[Book Review] Web Form Design, Filling in the Blanks

11 Jun 2008 - 6:56pm
6 years ago
4 replies
1921 reads
SemanticWill
2007

All,
I just finished this book, and thought I would share my book review with the
community. Enjoy!

- Will
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Book Review
Web Form Design, Filling in the Blanks
By Luke Wroblewski
Publisher: Rosenfeld Media

The scene is all too familiar. You're presenting wireframes of the
registration process for a new web application when the discussion veers
down a dark alley. The sky has turned the color of black ink, and you can
smell sulfur in the air as one team member after another debates the
alignment of form labels. Before you can toss up a quick Hail Mary,
marketing says that the opt-in for marketing solicitations has to be
defaulted to yes, and you can feel your soul sucked out of your body through
your nose as a simple one hour meeting turns into a 3 hour discussion over
the pro's and cons of inline validation while your stomach grumbles because
you just missed. I have heard this war story many times from many
interaction designers and information architects, with little variation
except in the details. What we need is air cover in this battle to design
better forms. Now, it's here.

"Forms Suck!"

And so Luke Wroblewski begins his new book on web form design with a canon
shot across the bow, providing just the air cover and ammunition interaction
designers need; and every review, including this one, is going to begin with
a first impression of the book.

Mine was: Boffo.
(bof·fo (bf) Slang, adj.: Extremely successful; great.)

Wroblewski opens "Web Form Design" with an exploration, from a strategic
perspective, of why users interact with forms. News flash: It's not because
we like to. It may seem obvious, but the truth is, interaction designers
need to confront the truth that a user's goal is to get to some successful
outcome on the other side of a form – as quickly and painlessly as possible.
We want our iPhone, tax return, or account with Facebook. We don't want to
fill out forms.

"Forms suck. If you don't believe me, try to find people who like filling
them in. You may turn up an accountant who gets a rush when wrapping up a
client's tax return or perhaps a desk clerk who loves to tidy up office
payroll. But for most of us, forms are just an annoyance. What we want to do
is to vote, apply for a job, buy a book online, join a group, or get a
rebate back from a recent purchase. Forms just stand in our way."

Wroblewski has researched, with admirable thoroughness, everything from the
basics of good form design, to labels and most-direct route, delivering his
explanations, patterns and recommendations with a casual urgency that never
veers into preachiness. This book is a useful guide for both the novice
interaction designer and the battle tested UX guru, offering salient, field
tested examples of the good, bad, and often times ugly forms that have
proliferated the web like so many mushrooms after a good rain.

Wroblewski has also invited many seasoned professionals to contribute
sidebars, like Caroline Jarrett's no-nonsense perspective on designing great
forms by advising us to "start thinking about people and relationships,"
instead of just diving into labeling our forms and choosing where to put the
Submit button. I especially appreciated her strategic guidelines for picking
what questions should go into a form in the first place, which she aptly
titles "Keep, Cut, Postpone, or Explain."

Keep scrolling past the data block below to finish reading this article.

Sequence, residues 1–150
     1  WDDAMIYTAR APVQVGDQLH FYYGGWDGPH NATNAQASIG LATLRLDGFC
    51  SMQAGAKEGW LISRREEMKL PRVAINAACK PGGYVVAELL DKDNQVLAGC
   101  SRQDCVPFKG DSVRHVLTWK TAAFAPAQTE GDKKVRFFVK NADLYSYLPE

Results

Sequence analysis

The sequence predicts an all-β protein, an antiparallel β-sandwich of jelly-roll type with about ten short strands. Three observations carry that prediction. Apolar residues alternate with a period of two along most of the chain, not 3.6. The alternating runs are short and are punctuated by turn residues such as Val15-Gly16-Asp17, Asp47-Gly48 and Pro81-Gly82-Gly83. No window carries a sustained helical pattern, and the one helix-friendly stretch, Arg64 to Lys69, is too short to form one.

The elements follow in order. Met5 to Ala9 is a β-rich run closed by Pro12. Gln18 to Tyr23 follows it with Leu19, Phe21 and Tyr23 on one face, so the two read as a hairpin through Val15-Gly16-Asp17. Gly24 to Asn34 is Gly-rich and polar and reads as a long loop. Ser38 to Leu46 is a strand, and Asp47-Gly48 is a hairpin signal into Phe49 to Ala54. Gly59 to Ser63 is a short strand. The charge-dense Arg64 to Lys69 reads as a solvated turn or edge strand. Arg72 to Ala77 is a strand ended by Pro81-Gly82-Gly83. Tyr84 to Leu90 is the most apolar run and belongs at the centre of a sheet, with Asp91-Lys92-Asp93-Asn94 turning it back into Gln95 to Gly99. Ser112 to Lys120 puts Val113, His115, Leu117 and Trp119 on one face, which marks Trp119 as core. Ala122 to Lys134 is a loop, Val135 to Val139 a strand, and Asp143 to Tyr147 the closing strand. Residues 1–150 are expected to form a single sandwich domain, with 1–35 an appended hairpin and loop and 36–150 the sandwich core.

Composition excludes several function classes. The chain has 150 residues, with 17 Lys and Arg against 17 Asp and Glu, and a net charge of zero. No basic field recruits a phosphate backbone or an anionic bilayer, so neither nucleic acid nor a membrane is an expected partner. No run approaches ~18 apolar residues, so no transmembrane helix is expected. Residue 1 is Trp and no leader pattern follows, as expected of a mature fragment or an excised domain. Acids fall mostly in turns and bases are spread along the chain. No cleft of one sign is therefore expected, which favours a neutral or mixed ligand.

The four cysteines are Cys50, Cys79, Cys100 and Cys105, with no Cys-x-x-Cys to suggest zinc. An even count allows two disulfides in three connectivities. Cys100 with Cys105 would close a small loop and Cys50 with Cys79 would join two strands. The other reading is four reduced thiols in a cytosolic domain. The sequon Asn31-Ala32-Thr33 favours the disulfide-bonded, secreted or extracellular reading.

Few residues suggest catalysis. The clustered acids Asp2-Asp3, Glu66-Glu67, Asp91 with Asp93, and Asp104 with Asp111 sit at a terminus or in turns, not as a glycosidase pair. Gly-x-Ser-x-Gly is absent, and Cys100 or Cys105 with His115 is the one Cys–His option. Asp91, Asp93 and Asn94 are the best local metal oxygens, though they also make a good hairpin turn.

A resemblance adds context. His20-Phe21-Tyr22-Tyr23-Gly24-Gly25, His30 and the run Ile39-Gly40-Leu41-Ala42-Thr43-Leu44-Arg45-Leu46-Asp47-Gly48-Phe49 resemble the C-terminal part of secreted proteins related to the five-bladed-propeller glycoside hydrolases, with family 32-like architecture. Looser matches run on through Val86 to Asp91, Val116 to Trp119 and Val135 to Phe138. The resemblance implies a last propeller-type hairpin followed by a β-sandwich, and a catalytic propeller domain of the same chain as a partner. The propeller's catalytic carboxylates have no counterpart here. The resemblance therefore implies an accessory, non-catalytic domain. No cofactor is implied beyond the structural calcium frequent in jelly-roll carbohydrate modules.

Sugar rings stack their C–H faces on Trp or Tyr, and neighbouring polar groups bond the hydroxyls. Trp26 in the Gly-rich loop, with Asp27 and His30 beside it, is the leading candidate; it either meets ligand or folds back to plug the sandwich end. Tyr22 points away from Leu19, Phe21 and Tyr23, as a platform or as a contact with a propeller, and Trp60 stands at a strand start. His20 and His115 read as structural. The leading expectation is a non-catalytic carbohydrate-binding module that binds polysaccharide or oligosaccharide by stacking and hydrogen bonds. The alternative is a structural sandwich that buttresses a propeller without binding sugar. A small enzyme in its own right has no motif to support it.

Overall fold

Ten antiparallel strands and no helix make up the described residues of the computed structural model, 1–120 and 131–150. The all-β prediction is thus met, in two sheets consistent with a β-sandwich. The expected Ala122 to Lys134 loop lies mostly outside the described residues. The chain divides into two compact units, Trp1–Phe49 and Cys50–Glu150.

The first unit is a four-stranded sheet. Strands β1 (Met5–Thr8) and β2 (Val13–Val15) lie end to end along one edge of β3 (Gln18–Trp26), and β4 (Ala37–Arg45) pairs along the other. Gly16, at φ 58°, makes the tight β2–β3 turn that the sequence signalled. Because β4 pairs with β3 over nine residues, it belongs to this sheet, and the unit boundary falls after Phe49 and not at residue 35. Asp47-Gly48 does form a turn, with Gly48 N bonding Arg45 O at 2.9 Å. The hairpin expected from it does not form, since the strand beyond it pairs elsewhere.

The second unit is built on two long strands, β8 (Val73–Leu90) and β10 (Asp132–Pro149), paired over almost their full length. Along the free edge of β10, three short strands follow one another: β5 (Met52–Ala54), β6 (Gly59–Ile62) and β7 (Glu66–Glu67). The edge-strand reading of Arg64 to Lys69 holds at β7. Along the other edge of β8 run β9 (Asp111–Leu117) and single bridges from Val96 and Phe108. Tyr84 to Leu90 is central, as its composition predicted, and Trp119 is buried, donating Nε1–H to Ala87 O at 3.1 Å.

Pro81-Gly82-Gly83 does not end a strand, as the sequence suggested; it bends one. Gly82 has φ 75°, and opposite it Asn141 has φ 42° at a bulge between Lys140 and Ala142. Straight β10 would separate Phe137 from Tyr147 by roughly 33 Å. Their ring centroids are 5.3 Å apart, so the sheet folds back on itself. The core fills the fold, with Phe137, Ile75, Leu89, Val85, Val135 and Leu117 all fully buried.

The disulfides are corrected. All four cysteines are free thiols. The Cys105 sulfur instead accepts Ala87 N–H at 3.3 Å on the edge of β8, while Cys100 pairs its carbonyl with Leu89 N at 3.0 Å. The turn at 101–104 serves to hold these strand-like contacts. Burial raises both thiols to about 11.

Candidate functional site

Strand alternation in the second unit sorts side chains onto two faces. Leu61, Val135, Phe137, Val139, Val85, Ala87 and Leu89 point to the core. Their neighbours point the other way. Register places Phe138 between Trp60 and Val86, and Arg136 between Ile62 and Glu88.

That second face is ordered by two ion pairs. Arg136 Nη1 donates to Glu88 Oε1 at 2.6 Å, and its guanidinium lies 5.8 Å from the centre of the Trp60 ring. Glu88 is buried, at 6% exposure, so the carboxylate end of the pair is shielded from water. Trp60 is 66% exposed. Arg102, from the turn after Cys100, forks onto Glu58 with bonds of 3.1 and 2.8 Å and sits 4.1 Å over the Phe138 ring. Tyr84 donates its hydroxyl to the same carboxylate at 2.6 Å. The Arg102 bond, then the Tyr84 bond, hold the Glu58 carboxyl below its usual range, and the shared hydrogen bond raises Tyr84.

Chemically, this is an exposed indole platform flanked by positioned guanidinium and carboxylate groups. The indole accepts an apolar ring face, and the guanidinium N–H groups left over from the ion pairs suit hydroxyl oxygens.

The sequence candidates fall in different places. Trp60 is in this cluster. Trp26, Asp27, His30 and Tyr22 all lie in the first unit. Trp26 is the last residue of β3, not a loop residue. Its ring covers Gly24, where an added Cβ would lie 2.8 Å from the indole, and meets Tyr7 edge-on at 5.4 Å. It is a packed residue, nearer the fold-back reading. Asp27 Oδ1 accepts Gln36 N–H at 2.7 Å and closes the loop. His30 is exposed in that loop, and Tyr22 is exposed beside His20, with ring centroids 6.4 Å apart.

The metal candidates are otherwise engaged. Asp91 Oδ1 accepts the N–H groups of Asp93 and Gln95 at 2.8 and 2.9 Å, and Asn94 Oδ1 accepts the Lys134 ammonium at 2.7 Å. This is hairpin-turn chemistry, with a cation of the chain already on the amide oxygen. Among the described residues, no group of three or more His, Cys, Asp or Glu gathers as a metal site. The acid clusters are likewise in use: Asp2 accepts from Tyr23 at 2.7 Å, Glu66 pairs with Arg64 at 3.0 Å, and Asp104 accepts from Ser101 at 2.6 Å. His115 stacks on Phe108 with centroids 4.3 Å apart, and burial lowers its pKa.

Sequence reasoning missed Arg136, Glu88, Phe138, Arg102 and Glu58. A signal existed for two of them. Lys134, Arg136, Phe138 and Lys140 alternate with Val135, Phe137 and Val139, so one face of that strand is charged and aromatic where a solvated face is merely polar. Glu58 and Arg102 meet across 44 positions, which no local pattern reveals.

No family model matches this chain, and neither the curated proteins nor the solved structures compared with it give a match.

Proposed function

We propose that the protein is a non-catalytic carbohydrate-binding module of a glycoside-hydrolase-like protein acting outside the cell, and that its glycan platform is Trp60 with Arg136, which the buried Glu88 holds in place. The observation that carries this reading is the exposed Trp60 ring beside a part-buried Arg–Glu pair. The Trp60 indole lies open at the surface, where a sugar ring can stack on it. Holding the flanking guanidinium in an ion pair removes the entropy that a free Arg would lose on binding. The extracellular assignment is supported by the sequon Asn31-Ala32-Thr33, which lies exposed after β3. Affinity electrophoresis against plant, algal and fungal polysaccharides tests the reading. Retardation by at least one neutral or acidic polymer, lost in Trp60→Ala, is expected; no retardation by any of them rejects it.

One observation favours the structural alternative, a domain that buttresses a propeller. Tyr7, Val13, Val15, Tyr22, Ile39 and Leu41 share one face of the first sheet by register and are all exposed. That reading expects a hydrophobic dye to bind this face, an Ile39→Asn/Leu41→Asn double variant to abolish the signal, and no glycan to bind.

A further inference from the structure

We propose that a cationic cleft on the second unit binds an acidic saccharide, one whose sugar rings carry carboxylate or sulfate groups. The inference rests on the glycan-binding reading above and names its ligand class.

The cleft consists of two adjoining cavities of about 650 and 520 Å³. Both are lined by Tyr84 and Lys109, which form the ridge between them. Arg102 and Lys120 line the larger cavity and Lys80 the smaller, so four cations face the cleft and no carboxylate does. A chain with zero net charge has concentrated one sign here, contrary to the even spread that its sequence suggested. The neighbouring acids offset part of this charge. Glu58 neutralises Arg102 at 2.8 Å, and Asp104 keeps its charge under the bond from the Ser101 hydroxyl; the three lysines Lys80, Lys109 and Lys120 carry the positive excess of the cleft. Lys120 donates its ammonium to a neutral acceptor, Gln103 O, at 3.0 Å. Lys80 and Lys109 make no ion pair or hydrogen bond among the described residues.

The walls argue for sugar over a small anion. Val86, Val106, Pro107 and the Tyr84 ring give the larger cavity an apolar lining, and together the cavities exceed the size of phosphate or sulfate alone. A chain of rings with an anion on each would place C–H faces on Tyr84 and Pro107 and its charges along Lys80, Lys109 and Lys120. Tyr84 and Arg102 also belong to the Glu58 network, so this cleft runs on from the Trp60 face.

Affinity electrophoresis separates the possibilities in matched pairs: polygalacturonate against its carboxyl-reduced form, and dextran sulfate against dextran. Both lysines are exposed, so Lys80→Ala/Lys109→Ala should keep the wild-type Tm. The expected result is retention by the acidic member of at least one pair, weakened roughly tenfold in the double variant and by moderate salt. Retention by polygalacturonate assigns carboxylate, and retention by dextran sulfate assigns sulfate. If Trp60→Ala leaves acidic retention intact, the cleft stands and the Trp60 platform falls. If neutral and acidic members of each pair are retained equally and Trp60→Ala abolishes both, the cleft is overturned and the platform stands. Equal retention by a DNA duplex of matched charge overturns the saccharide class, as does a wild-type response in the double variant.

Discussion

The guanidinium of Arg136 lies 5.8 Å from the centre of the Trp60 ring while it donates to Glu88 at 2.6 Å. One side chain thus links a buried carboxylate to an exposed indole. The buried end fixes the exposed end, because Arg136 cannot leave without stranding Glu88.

Wroblewski is aware of how challenging most readers will find good form
design. It comes as a relief, for instance, when he writes that we should
think less about forms as a means of filling a database, and more as a means
of creating a meaningful conversation between the user and the company. He
generally succeeds at adopting the warm tone of a confiding friend and
colleague who can win you over with self-deprecating,
you-too-can-make-dynamic-forms-every-day enthusiasm. The more subtle points
of user-centered design or goal-driven design are not talked about
explicitly; they are like a whisper on the wind that you can barely hear
unless you train your ears.

*What's In the Book?*

"Web Form Design" is part of a wave of User Experience books sweeping over
us from Rosenfeld Media; books focused on bringing practical, actionable and
well researched methods to actual practitioners in the field. This
literature is going to have a powerful effect on our community of practice,
maybe as powerful as the effect the Polar Bear book had on our grandparents'
era. This volume is broken out into three sections:

*Section one*, "Form Structure" begins with an overview of why form design
matters and describes the principles behind good form design, followed by
Form Organization, Path to Completion, and Labels (hint: your form design
should start from goals). Working quickly through strategy to tactics.
Wroblewski gives numerous examples - within the context of usability studies
-so that you are not left wondering whether these patterns are recommended
based just on his opinion.

*Section two*, "Form Elements," is a useful, clearly written exploration of
each of the components of form design: labels, fields, actions and messages
(help, errors, success). Wroblewski attacks each one of these by defining
particular problem spaces, and then shows good and bad solutions to the
problems while highlighting how these solutions faired in controlled
usability tests, including eye-tracking. He then finishes each chapter off
with a succinct list of 'Best Practices' that I suggest are good enough to
staple to the inside of your eyelids.

*Section three*, "Form Interaction," with chapters on everything from Inline
Validation to Selection-dependent Inputs (a barn burner of a chapter). Here
we have moved from the world of designing labels, alignment, and content to